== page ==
Friday, 1 August 2014

A warm place to work out of the rain,hail and wind

Awoke to large piles ofP8011462 icy hail around the place , 43.5 mm  in the rain gauge for the past 24 hours and more rain,hail and wind on the way I headed to the polyhouse to get things done.Normally in winter polyhouse there are daily harvests of greens for us and the chooks. Our flock require a large basket  full of greens to be blended into their mash daily and the outside gardens never grow fast enough in winter to keep up.

 

This year has been quite different as I was out of action from Spring to Autumn with firstly with a broken leg (Thanks to neighbours goat, which is still managing to climb the fence to my vegies garden.) Then a new knee! Over this time the polyhouse became covered in lovegrass whose seeds latch on to your clothes and was proberly responsible for the invention of Velcro. To remove this weed required me to wear a polyester type bee suit,and long gumboots and still some seeds ended up on my socks.Once removed the beds where dug over to removeP8011465 invading roots , the soil had mineralized , which means when you push the spade in you hear a crunching sound similar to putting a spade into gravel or the grittiness of potting soil or when  compost has been left too  long.

It was now late May and getting too late to plant most things even in side.

The two centre beds had some of my humus rich  compost dug in and where planted with brought in brassicas seedings and lettuce,kale and silver beet seedlings from my garden. The outside beds where left dug over and watered to get the weeds to germinate and today I dug them in as a green manure and then stirred some biodynamic barrel compost and treated all the beds. Next week I will dig in some  humus rich  compost and do another stirring of barrel compost and it will be ready for spring planting  and some  biodynamic 500  to get an early start  for the summer vegies.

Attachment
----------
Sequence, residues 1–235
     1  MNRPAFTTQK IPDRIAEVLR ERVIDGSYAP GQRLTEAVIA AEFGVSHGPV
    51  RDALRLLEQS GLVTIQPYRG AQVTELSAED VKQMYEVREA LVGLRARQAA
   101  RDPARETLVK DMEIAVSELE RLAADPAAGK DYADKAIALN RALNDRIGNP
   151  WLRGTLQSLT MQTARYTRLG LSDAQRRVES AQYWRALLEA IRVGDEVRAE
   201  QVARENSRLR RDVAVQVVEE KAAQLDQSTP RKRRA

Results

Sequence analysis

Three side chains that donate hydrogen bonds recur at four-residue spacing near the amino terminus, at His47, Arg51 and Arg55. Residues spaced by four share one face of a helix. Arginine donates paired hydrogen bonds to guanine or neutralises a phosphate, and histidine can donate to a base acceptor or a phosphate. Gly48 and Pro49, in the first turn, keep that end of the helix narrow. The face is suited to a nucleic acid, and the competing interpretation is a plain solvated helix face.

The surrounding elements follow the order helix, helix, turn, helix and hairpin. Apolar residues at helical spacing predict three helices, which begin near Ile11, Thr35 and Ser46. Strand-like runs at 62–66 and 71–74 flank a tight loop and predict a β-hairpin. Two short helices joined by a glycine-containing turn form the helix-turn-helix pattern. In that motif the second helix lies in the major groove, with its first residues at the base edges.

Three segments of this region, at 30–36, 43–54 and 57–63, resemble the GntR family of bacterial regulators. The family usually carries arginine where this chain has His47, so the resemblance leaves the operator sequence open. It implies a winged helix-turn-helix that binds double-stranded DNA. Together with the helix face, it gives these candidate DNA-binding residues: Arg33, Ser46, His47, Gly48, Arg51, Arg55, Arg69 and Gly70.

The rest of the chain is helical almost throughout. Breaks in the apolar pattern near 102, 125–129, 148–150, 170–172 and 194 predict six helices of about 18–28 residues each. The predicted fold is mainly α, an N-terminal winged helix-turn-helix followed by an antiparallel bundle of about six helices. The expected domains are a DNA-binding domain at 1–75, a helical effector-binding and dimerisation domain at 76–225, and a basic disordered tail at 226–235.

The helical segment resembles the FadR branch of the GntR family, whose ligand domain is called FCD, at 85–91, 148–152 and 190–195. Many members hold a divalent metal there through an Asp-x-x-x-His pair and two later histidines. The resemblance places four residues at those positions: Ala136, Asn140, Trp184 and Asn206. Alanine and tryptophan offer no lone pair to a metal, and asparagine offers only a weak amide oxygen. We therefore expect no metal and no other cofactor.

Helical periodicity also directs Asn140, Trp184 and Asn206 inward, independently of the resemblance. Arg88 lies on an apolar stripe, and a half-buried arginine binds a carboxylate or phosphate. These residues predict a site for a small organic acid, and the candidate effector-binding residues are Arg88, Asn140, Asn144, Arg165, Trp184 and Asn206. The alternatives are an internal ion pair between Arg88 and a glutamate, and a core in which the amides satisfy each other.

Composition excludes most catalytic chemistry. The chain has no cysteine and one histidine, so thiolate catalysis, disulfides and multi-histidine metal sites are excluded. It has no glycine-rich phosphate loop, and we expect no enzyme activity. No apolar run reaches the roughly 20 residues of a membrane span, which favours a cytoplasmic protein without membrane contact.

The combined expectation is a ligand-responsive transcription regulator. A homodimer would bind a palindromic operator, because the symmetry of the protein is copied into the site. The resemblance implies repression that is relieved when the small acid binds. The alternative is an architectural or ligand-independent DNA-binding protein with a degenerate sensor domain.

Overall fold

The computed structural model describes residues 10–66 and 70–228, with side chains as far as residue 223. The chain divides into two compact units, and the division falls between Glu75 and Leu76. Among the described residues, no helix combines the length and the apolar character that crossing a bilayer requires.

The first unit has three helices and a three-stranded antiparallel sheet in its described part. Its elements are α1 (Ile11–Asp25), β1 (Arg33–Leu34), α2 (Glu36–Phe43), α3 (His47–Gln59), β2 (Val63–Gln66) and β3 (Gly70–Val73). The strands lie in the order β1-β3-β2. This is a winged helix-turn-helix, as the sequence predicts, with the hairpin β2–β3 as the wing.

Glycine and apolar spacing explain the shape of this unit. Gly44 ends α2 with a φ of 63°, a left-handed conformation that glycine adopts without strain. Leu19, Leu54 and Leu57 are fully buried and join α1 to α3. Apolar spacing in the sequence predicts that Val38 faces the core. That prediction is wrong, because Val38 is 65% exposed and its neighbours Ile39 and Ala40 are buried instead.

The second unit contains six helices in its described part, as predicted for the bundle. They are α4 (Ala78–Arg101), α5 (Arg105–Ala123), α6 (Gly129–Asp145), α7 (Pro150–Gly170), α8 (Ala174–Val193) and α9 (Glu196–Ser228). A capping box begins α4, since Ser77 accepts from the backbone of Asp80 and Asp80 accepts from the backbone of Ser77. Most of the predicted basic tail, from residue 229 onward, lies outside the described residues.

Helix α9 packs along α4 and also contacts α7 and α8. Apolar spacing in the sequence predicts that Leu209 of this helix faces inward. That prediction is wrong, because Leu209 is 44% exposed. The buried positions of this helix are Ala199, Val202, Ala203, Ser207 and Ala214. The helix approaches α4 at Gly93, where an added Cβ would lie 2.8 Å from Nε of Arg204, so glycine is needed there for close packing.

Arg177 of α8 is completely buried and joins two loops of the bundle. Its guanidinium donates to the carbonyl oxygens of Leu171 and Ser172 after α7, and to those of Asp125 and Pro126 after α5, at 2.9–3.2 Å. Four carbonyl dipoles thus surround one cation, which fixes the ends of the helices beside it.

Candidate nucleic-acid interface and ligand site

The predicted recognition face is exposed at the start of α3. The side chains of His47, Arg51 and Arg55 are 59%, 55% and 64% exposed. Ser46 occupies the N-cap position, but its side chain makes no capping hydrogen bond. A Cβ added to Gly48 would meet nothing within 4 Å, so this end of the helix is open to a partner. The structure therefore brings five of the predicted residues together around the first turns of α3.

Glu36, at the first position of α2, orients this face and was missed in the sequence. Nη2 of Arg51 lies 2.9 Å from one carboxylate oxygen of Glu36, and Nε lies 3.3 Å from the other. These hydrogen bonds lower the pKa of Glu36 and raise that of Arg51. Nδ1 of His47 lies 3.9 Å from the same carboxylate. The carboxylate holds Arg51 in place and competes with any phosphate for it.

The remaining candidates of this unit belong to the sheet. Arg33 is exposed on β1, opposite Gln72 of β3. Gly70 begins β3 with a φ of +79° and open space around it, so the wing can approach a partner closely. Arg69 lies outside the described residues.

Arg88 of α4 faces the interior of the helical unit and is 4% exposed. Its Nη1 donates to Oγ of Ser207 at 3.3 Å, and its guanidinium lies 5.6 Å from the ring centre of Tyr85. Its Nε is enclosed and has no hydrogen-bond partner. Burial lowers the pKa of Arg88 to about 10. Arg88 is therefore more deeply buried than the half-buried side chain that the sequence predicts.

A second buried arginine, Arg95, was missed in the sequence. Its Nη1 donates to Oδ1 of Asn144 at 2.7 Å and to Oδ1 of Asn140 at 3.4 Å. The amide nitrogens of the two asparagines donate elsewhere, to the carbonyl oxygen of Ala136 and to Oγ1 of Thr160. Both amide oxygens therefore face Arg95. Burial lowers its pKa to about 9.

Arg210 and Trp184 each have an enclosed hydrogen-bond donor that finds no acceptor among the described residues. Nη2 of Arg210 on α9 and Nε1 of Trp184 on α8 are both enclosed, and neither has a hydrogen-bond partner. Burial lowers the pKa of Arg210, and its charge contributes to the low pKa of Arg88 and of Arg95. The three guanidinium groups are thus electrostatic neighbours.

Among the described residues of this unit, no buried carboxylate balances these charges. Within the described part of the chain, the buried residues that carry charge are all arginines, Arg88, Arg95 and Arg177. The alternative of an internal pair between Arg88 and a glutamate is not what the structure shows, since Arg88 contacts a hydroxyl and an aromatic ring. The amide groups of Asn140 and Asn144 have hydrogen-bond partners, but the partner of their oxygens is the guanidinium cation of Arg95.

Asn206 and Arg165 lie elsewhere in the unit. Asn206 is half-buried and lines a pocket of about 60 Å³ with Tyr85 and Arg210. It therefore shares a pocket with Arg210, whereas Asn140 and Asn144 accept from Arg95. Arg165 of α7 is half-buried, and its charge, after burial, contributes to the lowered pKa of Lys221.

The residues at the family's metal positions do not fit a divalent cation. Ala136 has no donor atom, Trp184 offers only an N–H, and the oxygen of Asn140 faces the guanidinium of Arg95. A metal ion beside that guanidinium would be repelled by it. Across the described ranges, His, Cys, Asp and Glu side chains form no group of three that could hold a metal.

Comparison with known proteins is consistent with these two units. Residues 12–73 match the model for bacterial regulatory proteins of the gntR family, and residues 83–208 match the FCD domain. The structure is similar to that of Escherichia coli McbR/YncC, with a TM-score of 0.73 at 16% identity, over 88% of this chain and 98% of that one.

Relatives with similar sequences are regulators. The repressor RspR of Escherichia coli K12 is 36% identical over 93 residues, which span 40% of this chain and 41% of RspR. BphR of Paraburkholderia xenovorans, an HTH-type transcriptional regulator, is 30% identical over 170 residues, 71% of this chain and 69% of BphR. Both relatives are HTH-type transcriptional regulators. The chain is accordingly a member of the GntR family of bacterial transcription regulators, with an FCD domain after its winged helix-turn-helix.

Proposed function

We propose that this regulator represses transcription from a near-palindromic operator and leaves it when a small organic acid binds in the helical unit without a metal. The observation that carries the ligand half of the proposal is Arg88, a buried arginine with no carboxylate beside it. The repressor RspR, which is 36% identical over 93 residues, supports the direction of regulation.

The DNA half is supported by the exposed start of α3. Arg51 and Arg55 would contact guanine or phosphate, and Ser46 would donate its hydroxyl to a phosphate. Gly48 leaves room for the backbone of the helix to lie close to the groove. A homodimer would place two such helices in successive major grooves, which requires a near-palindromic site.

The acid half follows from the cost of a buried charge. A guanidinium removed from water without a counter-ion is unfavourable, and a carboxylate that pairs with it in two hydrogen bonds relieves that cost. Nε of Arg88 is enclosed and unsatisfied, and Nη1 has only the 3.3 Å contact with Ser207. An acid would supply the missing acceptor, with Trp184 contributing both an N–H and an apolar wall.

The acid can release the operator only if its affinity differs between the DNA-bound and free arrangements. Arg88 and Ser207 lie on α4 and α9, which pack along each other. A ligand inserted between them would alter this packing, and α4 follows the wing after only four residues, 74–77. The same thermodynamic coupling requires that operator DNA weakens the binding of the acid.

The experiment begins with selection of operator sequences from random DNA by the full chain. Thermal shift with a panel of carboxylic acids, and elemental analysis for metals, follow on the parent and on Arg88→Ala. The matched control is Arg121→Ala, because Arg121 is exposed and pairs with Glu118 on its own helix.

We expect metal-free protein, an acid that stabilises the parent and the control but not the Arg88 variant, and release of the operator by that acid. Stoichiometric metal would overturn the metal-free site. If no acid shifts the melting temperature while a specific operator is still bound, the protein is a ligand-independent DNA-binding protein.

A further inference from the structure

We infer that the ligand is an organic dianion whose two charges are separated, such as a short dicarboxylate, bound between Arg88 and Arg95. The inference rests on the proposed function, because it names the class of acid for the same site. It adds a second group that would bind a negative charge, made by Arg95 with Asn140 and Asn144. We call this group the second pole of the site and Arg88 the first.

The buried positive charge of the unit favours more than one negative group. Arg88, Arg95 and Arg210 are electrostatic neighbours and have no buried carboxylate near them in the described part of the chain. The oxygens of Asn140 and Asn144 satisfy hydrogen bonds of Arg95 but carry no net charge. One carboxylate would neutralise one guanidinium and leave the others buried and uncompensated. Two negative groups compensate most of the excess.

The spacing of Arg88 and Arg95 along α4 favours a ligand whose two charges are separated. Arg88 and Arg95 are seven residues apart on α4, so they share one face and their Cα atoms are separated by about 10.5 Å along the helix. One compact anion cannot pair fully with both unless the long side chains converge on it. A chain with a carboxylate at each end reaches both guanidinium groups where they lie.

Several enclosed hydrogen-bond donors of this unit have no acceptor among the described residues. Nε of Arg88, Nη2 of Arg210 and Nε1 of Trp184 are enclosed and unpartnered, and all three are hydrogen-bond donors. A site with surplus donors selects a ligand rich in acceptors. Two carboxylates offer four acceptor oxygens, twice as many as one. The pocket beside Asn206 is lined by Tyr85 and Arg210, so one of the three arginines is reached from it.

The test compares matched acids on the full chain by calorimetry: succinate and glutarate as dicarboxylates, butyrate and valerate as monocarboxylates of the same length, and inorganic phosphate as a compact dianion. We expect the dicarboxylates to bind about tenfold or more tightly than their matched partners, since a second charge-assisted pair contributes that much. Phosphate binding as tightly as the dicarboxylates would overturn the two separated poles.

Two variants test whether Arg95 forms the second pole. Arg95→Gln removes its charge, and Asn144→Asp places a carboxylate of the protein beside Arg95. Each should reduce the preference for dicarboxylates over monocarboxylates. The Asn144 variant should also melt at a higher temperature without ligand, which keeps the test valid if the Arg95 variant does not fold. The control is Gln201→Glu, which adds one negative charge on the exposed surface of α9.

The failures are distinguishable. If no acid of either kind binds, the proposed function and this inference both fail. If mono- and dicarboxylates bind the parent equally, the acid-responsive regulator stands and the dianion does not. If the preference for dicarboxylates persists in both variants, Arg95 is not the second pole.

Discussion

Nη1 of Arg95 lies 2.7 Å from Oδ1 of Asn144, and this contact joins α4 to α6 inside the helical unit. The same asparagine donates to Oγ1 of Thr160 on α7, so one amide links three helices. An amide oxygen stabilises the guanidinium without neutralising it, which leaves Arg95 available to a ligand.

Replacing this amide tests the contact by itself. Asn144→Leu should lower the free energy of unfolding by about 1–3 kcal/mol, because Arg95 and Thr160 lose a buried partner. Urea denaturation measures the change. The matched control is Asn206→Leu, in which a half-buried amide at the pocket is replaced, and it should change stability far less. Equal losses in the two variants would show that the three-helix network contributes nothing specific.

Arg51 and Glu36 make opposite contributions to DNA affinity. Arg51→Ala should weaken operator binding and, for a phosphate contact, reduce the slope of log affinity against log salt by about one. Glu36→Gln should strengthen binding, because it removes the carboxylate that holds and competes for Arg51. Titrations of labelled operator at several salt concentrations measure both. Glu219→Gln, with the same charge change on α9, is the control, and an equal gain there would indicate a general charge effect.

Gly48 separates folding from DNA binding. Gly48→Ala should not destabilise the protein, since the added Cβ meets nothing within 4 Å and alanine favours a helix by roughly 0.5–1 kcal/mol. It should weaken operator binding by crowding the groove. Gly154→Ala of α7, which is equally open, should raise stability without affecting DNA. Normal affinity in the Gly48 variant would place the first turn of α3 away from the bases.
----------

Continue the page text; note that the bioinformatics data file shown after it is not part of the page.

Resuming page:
Monday, 7 July 2014

Winter is the smell of roasted chestnuts

roasted chestnuts lThe wonderful aroma of roasting chestnuts can be experienced every weekend in Stirling in the Adelaide Hills. Between May and July and sometimes into August you can experience local produce , grown at Nirvana Farm just 3km down the road at Heathfield and expertly roasted by owner Quentin. And if you enjoy them roasted why not visit the farm to purchase some fresh ones to take home.  

Wednesday, 2 July 2014

After the wind and rain of the last few weeks

The sun came out, we came out and this blue tongue lizard came to enjoy a little sunshine.

lizard enjoying the sun

Wednesday, 21 August 2013

In the pink – mulching with petals

Having a self reliant garden is an important part of our overall aims at Nirvana.Everything is recycled in some way or other resulting in soils jumping with life and producing a top quality integrated environment where all life thrives.

So when the CamillaOLYMPUS DIGITAL CAMERA         a trees are in flower they are seen for their beauty 

OLYMPUS DIGITAL CAMERA

But also the usefulness of the fallen petals.The ones falling on the surrounding footpaths are raked up and used as mulch. All that fall around the tree are left to be turned ,with the help of biodynamic preparations into top quality humus. Over the 30 years we have been here the camellias have never needed fertilizer and have only been watered in times of extreme drought , mainly to prevent the house cracking!  The tree grows so well it needs pruning with a chainsaw to prevented it growing over, and crashing on the veranda.

OLYMPUS DIGITAL CAMERA           OLYMPUS DIGITAL CAMERA

This mulch usually known around here as ‘fairy carpet’ not only is valuable as it evolves into humus it looks great especially on a grey winters day. It also means that Spring is around the corner.

Thursday, 4 July 2013

The coming of the light means a new season of eggs.

chook and goose eggs in Spring

Its often hard to convince customers that eggs have a season

as we all know there is always a plentiful supply in the shops all year.

 

But like all things in nature, when left to live as naturally as is possible while still being in the care of us humans, our humble chooks fit into the rhythm of the solar clock .

 

As the Autumn Equinox approaches (By the way that occurs on March 21or 22) The day length begins to shorten the birds lay fewer eggs or stop laying altogether and go into a moult.

During the moult a hen will stop laying and shed its old feathers which are replaced by new feathers.

After the Winter Solstice  (marking the shortest day)  The days start to lengthen and the hens start laying again. By Spring there are abundant eggs for all to share.

RIR out and about

 

As the days lengthen a little more moving into September the hens start to look for nesting sites so they can secure a clutch of eggs to brood,  then  hatch chicks.